God’s Word – A Conversation About Scripture
In 2019, Karen Armstrong published her book The Lost Art of Scripture: Rescuing the Sacred Texts. I started reading the introduction and I immediately knew this was the going to answer some of my questions regarding the whole of scripture, not just the scriptures we find in the Bible. There were two things that stood out to me immediately. First, Armstrong makes an argument that all the religions of the world use different names of the Divine or Transcendent, and second, in all of these religious traditions, including Christianity, the concept of the Divine was seen as, “ineffable, indescribable, and unknowable—and yet was within them: a constant source of life, energy, and inspiration. Religion—and scripture—were, therefore, art forms that helped them to live in relation to this transcendent reality and somehow embody it.”
I am about to embark on a new spiritual journey with my Spiritual Director (the individual that helps me sort through my own theology, spiritual practices, and how I live those out). What has prompted this change in direction is the concept of embodying the transcendent. What we read in the Bible and in other scriptures points to greater spiritual truths that we all must wrestle with in our own lives. Ultimately, we are called to live in a particular way that speaks to the God-ness in each of us. How we incorporate these concepts into our daily living speaks to how we see and know God on a deeper level.
As a pastor, I want to continually grow in my faith. I want to understand major themes in scripture from every angle, including my own lived experience. But sometimes life gets in the way of doing the work. Spiritual practices help to bring our focus back to those things that are most important in our lives. Living from a place where God is at the center of it all requires me to do things differently. I have to be willing to be still and quiet more frequently. I have to be willing to listen for God's still speaking voice, and to not be content with how things have been, but to continual look for ways to grow, change, and be transformed into a more robust image of God.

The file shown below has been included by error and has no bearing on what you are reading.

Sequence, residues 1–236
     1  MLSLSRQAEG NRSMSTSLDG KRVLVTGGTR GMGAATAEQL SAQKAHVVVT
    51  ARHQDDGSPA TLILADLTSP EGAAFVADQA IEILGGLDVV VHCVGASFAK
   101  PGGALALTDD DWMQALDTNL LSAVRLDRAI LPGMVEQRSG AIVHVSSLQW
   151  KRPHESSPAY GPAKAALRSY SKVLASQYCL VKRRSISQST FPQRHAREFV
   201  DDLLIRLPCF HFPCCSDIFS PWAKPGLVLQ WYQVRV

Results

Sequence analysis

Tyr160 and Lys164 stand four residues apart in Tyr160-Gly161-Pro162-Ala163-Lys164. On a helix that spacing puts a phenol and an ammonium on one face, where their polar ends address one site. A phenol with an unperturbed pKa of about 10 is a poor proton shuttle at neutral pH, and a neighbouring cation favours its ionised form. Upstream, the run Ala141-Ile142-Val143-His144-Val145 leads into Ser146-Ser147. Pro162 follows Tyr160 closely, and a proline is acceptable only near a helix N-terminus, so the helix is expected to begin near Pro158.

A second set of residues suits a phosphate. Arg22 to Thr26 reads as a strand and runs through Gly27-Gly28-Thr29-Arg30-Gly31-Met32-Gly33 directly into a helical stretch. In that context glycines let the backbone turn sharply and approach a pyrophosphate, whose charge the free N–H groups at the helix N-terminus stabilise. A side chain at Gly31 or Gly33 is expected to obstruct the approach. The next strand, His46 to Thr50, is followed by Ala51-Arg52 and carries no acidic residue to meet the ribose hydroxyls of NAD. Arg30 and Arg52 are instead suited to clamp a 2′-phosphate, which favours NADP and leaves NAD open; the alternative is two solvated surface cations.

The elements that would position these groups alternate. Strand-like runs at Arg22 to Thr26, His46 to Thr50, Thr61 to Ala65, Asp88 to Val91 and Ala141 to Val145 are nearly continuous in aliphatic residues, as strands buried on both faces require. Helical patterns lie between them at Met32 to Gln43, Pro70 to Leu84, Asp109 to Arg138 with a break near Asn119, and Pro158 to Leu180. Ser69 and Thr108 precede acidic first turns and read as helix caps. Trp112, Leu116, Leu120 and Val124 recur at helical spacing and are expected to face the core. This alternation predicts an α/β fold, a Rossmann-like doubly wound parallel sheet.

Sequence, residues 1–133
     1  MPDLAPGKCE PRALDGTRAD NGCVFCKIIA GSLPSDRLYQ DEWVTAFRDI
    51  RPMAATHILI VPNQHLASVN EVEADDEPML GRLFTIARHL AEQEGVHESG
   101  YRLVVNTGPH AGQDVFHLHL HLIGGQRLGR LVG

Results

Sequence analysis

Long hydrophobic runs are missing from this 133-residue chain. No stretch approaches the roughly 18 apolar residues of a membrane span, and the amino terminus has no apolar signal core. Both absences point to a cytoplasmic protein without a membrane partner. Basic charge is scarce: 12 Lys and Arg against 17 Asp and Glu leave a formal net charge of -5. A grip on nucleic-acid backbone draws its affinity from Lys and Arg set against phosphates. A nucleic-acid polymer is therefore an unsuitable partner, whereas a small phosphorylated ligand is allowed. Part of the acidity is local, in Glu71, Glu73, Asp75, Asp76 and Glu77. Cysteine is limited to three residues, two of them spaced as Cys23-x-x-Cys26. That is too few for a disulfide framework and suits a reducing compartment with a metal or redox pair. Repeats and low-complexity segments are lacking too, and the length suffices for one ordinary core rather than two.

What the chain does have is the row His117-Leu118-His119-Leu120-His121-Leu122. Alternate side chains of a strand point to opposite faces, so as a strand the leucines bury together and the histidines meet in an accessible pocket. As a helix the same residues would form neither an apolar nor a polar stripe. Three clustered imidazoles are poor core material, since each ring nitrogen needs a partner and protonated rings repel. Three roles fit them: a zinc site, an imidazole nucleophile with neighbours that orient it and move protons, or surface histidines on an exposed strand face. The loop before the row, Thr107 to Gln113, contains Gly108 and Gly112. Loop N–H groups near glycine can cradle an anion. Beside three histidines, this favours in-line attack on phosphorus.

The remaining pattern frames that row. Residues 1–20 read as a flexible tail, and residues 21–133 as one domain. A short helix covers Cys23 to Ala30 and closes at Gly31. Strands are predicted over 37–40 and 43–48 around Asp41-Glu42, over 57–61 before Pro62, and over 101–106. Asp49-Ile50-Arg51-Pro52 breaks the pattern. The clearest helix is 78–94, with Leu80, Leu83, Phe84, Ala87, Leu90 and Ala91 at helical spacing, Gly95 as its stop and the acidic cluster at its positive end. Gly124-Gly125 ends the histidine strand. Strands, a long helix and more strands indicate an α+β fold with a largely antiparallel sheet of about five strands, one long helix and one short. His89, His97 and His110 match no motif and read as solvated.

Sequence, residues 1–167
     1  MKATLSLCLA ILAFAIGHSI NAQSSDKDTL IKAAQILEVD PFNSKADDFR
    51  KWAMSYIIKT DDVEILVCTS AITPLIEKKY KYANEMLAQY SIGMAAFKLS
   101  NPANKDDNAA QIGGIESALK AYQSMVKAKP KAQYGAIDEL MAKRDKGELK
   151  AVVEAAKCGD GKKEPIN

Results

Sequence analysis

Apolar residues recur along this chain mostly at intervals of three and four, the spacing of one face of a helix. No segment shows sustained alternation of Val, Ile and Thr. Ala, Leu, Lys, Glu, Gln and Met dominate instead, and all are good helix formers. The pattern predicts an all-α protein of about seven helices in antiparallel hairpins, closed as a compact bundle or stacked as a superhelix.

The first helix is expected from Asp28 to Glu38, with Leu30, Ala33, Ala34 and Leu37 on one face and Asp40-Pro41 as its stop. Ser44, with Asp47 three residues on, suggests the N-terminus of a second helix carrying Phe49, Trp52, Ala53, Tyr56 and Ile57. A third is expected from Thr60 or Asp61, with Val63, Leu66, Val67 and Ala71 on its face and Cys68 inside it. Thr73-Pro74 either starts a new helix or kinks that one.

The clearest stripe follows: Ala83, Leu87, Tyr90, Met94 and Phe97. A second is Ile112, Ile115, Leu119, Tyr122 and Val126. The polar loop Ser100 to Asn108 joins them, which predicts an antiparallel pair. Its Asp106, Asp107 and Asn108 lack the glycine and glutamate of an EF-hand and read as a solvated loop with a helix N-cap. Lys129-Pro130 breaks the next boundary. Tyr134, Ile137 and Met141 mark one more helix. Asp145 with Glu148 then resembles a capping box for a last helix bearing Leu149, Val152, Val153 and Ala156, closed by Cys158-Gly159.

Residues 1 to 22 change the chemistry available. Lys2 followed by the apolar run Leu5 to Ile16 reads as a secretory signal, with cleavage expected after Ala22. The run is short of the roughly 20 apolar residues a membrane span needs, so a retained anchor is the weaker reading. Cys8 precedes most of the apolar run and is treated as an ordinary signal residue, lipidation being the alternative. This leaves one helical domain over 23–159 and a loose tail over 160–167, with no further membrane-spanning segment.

Reading scripture is difficult even for the most devoted in the church, but to embody scripture can feel like an impossibility. If, however, we see all scripture as pointing us toward lives of compassion, then the reading of scripture becomes a part of how we see God working in the world to bring about Shalom.
I have been challenged to engage in a weekly practice of “forest bathing.” Yeah, I didn’t really know what that was either. Forest Bathing is a Japanese spiritual practice that involves sitting, walking, or standing in nature—preferably a forest—just to observe the natural world. The idea is to be mindful of all that is happening around you, the feel of the wind, the insects and other wildlife present, how the trees are moving, what kinds of things to do you smell, and so much more. By engaging your senses out in the natural world, you are allowing the very essence of God to permeate your whole being. This is one way to embody the divine.
This week we will look at the Bible from the perspective of the written word that tells us something about the Divine, and how these words are inspired by their very human interactions with the natural world, which told them a lot about God and how God works in the world. When we look at scripture, we are looking at the inner workings of what God created; how we think and feel about life and all the various circumstances we find ourselves in. By reading scripture, we also get a different sense of the world around us. While we may not be able to imagine what life was like during the time the Israelites were wandering in the desert or building the temple in Jerusalem, we can imagine our own beginnings. We can see how life has changed and transformed for us over the last 200+ years in the United States.
In the United Church of Christ, we say that God is still speaking. What is God saying to you in this moment? What kinds of things do we need to be aware of in our world? Are we moving in the right direction? Do we have a sense of the divine or transcendent in our lives? If not, how can we better connect with the source of all life?
These are just a few of the questions we can ask ourselves when talking about what scripture means for us today and what spiritual practices will draw us closer to understanding God and how God works in the world.